Crosslinking of the adhesive components (A) and (B) is elfected by the presence of at least one of :the reactive polyfunctional components (C) and (D); preferred adhesive compositions which cure by crosslinking to optimum resistance to caustic include both the pyromellitic dianhydride-adduct (C) and the polyisocyanate adduct (D) as curing agents.
The pyromellitic dianhydride/polyol adduct (C), for
convenience throughout the specification, is referred to as PMDA-adduct. These adducts are products of condensing pyromellitic dianhydride (PMDA) with a polyol,
' preferably a diol, under conditions whereby two moles of the dianhydride are condensed with one mole of the polyol. The hydroxyl substituents reactwith a single anhydride group on each of two PMDA molecules in a manner whereby the residue of the polyol forms a bridge between carboxyl substituents attached to the aromatic Particularly V nucl'eiof the two PMDA molecules. The structure of these adducts may be represented generically as follows:
In this structure, --Y represents the divalent nucleus of the polyol with which the two molecules of PMDA were condensed. This nucleus -R- can be either aliphatic, cycloaliphatic, aromatic, mixed alkaryl, or the like. Typical polyols which can be used to supply the nucleaus -Y- include:
Aliphatic glycols, e.g.,
1,4-butanediol, Ethylene glycol, Neopentyl glycol, 1,6-hexanediol;
Ether glycols, e.g.,
. Diethylene glycol,
Polyoxyethylene glycol, Polyoxypropylene glycol, Polyoxytetramethylene glycol;
Glycerol, 1,2,6-hexanetriol, 1,2,4-butanetriol;
and other compounds which in addition to a pair of hydroxyl substituents have ether oxygen atoms, carboxyl or carboxylate groups, nitro groups, sulfonate radicals, etc. Especially useful in the practice of this invention are PMDA-adducts of hydroxyalkoxyaryl structures having the general formula:
Where Z is a divalent saturated aliphatic hydrocarbon radical, e.g., diphenylol propane etherified with a glycol such as ethylene glycol or propylene glycol. Di-
hydroxy compounds of this type are commercially avail able, e.g., 2,2-bis[4-(Z-hydroxyethanoxy)phenyl]propane Resin 565.
PMDA-adducts of the class described are disclosed and claimed in copending application T. I. Hyde, Serial No.
840,251, filed September 16, 1959, Example 1 thereof a being specific to the PMDA-adduct of Dow Resin X-2635.
The general technique for preparing the PMDA-adducts involves condensing PMDA in the proportions of. about two moles per mole of the polyol in anorganic solvent usually at reflux temperature under a blanket of dry nitrogen. 'Abasic or acidic condensation catalyst may be present, but it is not essential. 7 w
A. Wide variety of organic solvents can be used as the reaction medium solvent, the solvent preferably being a ketone, e.g., acetone, methyl ethyl ketone, methyl isobutyl ketone, and cyclohexanone. The primary solvent can be diluted if desired with an aromatic hydrocarbon, e'.g.,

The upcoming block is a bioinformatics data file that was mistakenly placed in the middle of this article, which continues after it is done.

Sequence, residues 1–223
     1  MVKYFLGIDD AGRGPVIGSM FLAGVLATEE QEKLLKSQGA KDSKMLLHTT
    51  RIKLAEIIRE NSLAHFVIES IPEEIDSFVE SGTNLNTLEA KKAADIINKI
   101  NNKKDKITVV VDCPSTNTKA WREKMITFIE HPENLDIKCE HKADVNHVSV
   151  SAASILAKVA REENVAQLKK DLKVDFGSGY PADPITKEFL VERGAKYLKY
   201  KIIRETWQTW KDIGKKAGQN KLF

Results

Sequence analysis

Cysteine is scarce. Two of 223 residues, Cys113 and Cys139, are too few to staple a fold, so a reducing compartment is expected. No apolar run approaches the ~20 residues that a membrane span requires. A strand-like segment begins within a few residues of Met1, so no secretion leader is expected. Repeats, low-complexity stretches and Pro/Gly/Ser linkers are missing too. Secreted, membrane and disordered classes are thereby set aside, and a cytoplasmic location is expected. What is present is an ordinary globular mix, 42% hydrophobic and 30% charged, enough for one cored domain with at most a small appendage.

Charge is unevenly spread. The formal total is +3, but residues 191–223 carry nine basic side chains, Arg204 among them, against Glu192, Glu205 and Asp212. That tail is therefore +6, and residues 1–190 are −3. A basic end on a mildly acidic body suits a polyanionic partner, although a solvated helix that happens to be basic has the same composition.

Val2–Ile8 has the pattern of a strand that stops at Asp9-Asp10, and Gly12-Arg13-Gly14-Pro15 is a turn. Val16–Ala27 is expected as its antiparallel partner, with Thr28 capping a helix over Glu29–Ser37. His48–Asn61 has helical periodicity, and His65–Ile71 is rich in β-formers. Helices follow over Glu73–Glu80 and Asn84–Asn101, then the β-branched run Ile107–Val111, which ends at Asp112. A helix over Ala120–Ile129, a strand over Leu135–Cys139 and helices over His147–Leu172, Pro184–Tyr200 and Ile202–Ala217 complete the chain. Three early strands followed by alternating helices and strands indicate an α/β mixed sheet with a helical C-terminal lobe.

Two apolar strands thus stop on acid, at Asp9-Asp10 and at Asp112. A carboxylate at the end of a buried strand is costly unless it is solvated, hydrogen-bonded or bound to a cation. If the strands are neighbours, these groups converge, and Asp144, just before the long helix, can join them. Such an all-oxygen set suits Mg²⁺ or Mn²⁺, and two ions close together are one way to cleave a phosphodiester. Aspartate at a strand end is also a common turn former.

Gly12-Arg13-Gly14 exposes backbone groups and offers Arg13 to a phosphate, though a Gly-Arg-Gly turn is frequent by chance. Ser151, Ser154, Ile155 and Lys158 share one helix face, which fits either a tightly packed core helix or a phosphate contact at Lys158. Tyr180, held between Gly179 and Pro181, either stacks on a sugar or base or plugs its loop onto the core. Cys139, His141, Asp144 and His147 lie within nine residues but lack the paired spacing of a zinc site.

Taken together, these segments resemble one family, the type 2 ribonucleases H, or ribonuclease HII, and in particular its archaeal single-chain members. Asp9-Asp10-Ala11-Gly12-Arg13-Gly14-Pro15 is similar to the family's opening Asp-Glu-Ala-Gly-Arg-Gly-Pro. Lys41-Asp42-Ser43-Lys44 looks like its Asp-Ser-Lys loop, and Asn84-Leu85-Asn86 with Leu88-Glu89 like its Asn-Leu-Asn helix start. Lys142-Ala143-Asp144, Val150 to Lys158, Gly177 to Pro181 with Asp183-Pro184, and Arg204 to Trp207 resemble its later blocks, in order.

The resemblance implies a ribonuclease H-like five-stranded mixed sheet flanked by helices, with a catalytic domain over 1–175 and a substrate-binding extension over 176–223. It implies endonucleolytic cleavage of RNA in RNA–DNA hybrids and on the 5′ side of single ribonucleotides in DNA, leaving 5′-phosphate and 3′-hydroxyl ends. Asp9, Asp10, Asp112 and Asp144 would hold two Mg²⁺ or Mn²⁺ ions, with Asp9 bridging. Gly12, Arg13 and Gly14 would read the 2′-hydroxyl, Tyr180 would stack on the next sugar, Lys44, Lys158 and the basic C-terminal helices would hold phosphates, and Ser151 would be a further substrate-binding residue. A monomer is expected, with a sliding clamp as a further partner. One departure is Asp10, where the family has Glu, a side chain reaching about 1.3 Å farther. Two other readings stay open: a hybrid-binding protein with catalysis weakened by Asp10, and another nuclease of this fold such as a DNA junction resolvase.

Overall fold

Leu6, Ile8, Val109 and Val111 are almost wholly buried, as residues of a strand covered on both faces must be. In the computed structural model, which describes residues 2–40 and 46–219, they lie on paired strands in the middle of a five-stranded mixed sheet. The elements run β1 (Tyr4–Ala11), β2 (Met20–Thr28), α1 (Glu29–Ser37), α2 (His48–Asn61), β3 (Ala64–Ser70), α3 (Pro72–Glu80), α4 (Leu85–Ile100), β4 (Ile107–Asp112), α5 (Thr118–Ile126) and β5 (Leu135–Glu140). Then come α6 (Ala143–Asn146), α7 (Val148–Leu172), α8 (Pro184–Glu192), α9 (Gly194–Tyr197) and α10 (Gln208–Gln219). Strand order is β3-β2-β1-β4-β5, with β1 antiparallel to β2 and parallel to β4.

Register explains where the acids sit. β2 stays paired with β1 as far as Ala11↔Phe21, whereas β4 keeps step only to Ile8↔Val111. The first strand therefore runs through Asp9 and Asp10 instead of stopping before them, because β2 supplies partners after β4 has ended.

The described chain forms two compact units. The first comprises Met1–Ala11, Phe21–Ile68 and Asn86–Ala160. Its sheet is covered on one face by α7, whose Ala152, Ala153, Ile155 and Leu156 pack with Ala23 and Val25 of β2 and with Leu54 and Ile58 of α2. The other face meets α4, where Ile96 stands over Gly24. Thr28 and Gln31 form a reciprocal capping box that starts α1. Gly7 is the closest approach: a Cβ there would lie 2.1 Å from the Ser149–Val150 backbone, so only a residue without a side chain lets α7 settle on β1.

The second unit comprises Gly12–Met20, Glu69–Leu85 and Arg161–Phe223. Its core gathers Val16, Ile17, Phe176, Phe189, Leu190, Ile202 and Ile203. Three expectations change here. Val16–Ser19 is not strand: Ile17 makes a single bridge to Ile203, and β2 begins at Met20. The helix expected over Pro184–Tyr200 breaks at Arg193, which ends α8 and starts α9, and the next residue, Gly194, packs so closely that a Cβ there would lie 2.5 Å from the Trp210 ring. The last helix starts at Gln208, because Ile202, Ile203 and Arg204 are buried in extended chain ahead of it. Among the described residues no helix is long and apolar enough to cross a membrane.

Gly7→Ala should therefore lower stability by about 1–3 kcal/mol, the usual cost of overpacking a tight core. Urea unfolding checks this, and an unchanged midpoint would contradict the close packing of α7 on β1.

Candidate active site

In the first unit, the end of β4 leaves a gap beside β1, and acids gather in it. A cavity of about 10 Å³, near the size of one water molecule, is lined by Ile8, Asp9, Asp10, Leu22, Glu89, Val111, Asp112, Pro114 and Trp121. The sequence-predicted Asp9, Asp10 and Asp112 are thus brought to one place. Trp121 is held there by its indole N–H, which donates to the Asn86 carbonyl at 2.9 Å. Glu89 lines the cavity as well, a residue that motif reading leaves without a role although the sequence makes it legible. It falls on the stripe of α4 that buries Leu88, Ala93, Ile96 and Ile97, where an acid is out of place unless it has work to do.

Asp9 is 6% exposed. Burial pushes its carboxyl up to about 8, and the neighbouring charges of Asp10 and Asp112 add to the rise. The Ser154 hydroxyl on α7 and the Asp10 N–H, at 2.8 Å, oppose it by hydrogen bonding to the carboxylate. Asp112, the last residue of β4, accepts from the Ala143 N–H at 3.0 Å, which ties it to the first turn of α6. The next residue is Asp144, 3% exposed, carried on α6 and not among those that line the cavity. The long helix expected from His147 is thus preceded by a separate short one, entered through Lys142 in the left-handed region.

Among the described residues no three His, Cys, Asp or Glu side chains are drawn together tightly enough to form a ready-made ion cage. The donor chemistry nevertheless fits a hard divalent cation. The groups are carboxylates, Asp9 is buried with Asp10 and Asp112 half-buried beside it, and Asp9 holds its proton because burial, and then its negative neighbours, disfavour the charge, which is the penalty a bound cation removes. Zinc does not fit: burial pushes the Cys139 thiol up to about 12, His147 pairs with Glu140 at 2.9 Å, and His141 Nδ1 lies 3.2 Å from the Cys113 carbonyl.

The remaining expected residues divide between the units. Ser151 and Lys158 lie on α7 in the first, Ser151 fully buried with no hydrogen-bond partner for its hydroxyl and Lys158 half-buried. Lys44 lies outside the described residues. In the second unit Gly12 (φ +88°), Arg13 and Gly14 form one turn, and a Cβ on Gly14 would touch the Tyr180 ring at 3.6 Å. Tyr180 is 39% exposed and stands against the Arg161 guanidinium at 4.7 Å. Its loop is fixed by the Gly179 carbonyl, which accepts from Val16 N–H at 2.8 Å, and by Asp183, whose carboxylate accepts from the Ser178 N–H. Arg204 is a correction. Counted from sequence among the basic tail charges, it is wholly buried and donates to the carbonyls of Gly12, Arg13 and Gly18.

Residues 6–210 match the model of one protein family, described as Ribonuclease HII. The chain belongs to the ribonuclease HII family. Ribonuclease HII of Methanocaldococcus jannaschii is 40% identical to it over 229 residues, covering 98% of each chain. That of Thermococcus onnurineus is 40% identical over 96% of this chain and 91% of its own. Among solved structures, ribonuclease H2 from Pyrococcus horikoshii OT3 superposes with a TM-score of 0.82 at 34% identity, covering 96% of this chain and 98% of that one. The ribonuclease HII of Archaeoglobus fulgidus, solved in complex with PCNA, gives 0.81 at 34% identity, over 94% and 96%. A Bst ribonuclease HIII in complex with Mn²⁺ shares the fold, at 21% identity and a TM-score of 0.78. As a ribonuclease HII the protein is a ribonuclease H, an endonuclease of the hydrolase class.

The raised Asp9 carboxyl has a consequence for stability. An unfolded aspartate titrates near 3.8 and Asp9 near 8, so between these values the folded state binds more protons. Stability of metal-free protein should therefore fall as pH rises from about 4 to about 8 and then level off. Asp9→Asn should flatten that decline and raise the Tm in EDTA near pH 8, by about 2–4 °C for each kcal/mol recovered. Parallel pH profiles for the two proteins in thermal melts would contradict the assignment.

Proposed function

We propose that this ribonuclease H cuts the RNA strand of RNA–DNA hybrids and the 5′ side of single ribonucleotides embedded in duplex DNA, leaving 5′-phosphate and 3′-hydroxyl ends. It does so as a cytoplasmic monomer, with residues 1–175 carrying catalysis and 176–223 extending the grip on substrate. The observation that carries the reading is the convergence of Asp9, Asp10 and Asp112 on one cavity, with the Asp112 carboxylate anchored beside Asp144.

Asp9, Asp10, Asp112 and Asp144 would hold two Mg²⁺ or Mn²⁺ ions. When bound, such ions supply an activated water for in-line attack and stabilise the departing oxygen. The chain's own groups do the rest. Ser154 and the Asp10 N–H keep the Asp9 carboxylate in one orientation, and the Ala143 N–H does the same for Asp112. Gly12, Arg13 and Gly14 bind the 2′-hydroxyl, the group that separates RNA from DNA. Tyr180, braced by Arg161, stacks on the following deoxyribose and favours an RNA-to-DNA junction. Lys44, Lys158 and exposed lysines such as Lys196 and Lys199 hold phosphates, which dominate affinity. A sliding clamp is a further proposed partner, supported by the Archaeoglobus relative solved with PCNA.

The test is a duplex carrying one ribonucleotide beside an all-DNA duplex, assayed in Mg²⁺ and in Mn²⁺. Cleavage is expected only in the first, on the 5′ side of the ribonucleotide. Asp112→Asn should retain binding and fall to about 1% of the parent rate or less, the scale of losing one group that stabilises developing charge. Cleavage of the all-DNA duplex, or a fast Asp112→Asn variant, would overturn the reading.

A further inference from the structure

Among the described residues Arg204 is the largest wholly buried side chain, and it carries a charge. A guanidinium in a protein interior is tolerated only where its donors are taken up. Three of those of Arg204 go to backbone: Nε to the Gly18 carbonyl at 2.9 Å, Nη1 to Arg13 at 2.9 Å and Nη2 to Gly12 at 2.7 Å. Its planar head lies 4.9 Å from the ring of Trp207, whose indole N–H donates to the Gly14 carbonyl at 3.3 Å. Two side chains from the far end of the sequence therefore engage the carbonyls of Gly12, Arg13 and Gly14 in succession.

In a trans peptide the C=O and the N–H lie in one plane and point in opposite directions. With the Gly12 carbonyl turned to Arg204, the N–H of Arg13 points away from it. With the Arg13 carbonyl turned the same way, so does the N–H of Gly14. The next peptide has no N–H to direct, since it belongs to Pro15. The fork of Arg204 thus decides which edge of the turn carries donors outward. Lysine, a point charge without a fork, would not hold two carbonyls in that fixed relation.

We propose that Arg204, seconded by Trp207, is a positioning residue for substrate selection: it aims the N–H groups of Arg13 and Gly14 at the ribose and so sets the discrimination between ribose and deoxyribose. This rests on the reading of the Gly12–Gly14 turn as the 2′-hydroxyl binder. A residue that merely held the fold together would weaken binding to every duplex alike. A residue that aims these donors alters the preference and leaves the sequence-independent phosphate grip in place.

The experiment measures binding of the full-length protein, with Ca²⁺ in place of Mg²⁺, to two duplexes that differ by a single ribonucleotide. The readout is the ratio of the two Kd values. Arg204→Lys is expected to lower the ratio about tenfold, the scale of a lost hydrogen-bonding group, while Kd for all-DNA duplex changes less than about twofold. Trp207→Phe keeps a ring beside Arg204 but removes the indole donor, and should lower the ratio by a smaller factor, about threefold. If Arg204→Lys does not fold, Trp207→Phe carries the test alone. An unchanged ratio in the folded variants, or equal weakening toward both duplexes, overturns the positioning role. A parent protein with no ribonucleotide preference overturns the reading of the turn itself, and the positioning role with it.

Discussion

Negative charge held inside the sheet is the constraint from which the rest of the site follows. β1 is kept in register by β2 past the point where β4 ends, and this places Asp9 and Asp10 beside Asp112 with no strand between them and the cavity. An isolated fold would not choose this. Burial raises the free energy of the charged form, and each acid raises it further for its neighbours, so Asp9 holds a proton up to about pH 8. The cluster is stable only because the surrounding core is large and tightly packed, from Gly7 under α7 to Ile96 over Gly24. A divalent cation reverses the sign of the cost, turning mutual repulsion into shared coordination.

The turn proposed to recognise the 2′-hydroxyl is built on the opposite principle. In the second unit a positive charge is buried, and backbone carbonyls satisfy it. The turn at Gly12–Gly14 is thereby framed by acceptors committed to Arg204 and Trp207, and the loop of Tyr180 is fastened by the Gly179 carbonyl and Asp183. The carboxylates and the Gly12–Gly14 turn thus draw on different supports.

' benzol, toluol or xylol. Preferred solvents and solvent/ diluent combinations are those in which the adduct is substantially soluble and non-reactive therewith and which are compatible with the solutions of the remaining components of the adhesive composition.
Proportions of the PMDA-adduct in=the adhesive combination can range up to 10 parts per parts of the .terephthalate copolyester, at least 0.5 part on the indicated basis being required usually to provide an effective contribution. Preferred proportions are in the range of 1 to parts. Proportions significantly above 5 parts tend to result in a decrease in caustic resistance in comparison with the preferred range.
Where a high degree of alkali resistance is not essential in the laminates, the polyisocyanate adduct (D) can be used advantageously in place of the curing agent (C) to effect crosslinking between the adhesive components (A) and (B). Crosslinking induced by component (D) provides significantly higher bond strengths than are obtained ordinarily with adhesive component (A) alone or with the defined adhesive combination of components (A) and (B).
The polyisocyanate adduct (D) is a prepolymer resulting from condensation of an organic diisocyanate and a triol, mixed triols or mixtures of one or more triols with one or more diols. The diisocyanate is used in such proportions that the adduct contains a plurality of isocyanate substituents, i.e., the ratio on a molar basis of the isocyanate groups per hydroxyl substituent is in the range of greater than one and up to two, preferably in the range of about 1.33 to about 1.83. Suitable'polyisocyanate adducts are disclosed and claimed in US. Patent 2,855,421. Useful organic diisocyanates include'toluylene diisocyanates, tetramethylene diisocyanate, hexamethylene diisocyanate and 4,4-diphenylmethane diisocyanate, the toluylene diisocyanates being preferred. Polyols useful for condensation with the diisocyanate include trimethylolpropane, trimethylolethane, glycerol, 1,2,4-trihydroxybutane, triethanolarnine, ethylene glycol, propanediol-1,3, butanediol-1,4, hexanediol, methyl-hexanediol, diethyleneglycol, and mixtures thereof. In mixtures of triols and diols, the content of trioliis preferably at least 50% by weight. of the mixture. The adduct of about 5 moles of toluylenediisocyanate and 2 moles of trimethylol propane is especially preferred.